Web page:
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Matthew 26.36 Then cometh Jesus with them unto a place called Gethsemane, and saith unto the disciples, Sit ye here, while I go and pray yonder.


Mark 14:32 Then they came to a place which was named Gethsemane; and He said to His disciples,  “Sit here while I pray.”



Luke 22:40-46 When He came to the place, He said to them,  “Pray that you may not enter into temptation.” 41 And He was withdrawn from them about a stone’s throw, and He knelt down and prayed, 42 saying,  “Father, if it is Your will, take this cup away from Me; nevertheless not My will, but Yours, be done.” 43 Then an angel appeared to Him from heaven, strengthening Him. 44 And being in agony, He prayed more earnestly. Then His sweat became like great drops of blood falling down to the ground. 45 When He rose up from prayer, and had come to His disciples, He found them sleeping from sorrow. 46 Then He said to them,  “Why do you sleep? Rise and pray, lest you enter into temptation.”


“When Jesus[1] had spoken these words, he went forth with his disciples over the brook Cedron” (v.1). The “these words” refer to the Paschal Discourse and the High Priestly prayer which have engaged our attention in the previous chapters. Having delivered His prophetic message, He now prepares to go forth to His priestly work.  The “Garden” is the same one mentioned in the other Gospels, though here the Holy Spirit significantly omits its name – Gethsemane. In its place, he mentions the “brook Cedreon,” identical with “Kidron,” its Hebrew name, which means “dark waters” – emblematic of that black stream through which He was about to pass. The Credron was on the east side of the city, dividing Jerusalem from the Mount of Olives (Josephus). It was on the west side of the city that He was crucified: thus did the Sun of Righteousness complete His atoning circuit!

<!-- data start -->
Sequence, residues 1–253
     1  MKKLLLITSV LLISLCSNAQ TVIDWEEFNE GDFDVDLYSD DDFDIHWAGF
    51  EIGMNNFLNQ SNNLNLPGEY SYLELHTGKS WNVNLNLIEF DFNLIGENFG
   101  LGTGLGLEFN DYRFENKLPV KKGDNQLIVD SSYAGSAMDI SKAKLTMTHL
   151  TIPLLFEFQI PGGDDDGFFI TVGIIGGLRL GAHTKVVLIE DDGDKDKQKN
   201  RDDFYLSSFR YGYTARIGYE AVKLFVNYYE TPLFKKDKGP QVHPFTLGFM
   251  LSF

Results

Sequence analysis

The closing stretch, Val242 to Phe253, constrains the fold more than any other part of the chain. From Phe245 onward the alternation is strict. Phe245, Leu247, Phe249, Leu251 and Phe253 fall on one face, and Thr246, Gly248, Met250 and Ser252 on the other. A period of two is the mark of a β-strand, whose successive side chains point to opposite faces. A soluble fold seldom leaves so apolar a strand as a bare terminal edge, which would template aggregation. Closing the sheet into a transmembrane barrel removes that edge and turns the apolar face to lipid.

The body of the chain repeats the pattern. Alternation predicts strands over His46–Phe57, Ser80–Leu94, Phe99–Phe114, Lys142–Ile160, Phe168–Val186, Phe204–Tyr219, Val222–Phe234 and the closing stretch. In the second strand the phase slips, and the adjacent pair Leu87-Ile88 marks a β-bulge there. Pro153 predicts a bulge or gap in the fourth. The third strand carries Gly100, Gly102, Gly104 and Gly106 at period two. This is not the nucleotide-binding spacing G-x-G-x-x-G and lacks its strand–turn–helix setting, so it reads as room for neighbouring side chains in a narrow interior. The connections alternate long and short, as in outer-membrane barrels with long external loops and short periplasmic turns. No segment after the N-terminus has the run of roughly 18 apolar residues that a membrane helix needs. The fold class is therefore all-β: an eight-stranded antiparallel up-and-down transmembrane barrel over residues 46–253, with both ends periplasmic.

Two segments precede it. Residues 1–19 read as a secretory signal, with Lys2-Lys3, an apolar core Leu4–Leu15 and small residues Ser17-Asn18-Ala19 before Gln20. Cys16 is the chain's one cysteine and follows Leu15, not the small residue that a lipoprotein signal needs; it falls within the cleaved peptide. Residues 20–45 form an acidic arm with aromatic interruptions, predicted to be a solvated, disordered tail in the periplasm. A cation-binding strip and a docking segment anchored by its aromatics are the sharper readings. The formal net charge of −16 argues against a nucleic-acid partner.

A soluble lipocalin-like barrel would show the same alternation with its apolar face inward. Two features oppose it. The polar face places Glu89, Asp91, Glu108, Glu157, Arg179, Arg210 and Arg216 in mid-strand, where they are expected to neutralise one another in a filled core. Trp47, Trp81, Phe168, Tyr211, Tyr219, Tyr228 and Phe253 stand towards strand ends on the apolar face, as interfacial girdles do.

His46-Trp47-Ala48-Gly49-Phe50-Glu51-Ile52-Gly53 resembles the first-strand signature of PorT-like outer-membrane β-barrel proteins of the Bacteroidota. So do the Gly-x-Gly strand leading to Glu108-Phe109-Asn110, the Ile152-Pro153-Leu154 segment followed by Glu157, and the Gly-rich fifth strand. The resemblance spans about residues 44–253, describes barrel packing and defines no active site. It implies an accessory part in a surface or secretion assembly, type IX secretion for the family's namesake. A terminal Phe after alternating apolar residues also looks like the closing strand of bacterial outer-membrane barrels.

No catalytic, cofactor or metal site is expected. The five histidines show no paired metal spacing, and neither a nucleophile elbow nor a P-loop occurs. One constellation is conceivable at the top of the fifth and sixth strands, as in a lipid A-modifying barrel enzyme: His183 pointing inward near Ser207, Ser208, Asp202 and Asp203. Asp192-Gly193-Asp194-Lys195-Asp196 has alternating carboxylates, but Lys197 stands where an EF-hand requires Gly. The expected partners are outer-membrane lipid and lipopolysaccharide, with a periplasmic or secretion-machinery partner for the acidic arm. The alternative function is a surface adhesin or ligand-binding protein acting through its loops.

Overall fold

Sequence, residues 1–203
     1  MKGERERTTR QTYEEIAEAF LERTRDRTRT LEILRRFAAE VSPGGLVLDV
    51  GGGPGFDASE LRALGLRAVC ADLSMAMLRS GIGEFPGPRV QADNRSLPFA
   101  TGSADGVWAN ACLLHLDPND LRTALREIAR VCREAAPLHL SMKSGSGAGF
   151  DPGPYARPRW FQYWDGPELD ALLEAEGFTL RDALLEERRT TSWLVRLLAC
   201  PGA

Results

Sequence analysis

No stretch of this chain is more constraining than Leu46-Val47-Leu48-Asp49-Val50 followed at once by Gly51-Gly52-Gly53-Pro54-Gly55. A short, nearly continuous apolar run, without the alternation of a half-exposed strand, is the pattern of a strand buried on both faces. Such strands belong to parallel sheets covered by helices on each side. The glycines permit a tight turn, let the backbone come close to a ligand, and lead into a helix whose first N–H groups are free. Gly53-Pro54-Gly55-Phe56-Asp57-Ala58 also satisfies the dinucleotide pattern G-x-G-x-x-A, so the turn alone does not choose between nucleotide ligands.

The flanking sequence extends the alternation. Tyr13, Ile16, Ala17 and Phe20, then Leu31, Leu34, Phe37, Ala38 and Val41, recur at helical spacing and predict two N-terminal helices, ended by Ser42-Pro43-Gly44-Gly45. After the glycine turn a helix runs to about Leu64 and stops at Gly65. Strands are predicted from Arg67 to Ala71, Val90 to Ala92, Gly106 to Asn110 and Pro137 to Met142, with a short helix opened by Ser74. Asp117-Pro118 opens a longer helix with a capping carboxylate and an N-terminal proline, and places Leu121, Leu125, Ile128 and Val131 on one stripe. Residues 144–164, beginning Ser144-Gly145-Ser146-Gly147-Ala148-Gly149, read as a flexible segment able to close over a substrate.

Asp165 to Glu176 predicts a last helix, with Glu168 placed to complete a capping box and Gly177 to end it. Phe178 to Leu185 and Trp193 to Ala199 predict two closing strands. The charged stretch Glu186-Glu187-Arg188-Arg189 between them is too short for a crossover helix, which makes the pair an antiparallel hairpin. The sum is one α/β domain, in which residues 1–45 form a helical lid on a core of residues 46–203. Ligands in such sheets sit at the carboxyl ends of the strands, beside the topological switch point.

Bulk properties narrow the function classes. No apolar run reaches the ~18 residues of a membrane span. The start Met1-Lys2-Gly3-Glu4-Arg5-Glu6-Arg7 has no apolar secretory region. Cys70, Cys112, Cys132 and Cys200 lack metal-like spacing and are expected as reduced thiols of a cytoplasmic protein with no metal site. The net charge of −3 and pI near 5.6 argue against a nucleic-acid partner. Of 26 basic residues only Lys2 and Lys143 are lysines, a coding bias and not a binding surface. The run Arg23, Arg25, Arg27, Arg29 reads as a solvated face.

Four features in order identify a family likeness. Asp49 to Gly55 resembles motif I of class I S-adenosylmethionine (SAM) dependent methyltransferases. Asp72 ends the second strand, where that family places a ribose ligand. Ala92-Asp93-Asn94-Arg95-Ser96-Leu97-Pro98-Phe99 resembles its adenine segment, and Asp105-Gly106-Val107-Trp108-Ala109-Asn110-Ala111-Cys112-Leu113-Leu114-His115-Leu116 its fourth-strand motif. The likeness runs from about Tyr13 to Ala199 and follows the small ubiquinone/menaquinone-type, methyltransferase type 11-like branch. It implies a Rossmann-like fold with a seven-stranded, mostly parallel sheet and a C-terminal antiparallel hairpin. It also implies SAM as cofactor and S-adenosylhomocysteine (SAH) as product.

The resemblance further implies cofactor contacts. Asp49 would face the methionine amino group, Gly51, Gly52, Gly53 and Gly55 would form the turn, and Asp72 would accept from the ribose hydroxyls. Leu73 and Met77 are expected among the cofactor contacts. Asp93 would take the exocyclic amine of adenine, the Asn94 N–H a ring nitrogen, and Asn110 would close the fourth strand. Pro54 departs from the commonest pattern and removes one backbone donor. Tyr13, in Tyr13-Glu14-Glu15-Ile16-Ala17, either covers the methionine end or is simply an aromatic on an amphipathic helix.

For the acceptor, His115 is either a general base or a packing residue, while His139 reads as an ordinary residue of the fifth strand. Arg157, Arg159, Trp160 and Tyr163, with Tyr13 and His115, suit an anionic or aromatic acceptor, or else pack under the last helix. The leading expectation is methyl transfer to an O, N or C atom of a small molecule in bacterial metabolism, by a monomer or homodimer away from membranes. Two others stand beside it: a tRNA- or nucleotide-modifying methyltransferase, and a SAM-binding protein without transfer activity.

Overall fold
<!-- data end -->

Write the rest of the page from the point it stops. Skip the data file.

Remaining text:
Olive Press pillar is called a “geth semane”, the olive press, as in the fenced area by the Capernaum synagogue, Jesus would have been around Gethsemanes all His life. The press has the job of squeezing the precious oil out of the olives with tremendous pressure. Jesus as He bore the burden of the sin of the whole world had His own blood pressed and squeezed out in the Garden of Gethsemane. The weight of your sin and mine was so immense, and in a real sense it was you and me who became the pillar, the geth semane press that crushed Jesus


“Great Drops of Blood”


The physical suffering of Jesus began in the Garden of Gethsemane on the evening before His crucifixion. While the disciples slept, the Gospel of Luke records that the LORD “being in an agony he prayed more earnestly: and his sweat was as it were great drops of blood falling down to the ground.”2


Before the crucifixion, as Jesus Christ prayed in the Garden of Gethsemane, the disciple and physician Luke noted that:

“And being in anguish, he prayed more earnestly, and his sweat was like drops of blood falling to the ground.” -Luke 22:44 (NKJV)

This was written by the physician Luke, a well-educated man and a careful observer by profession.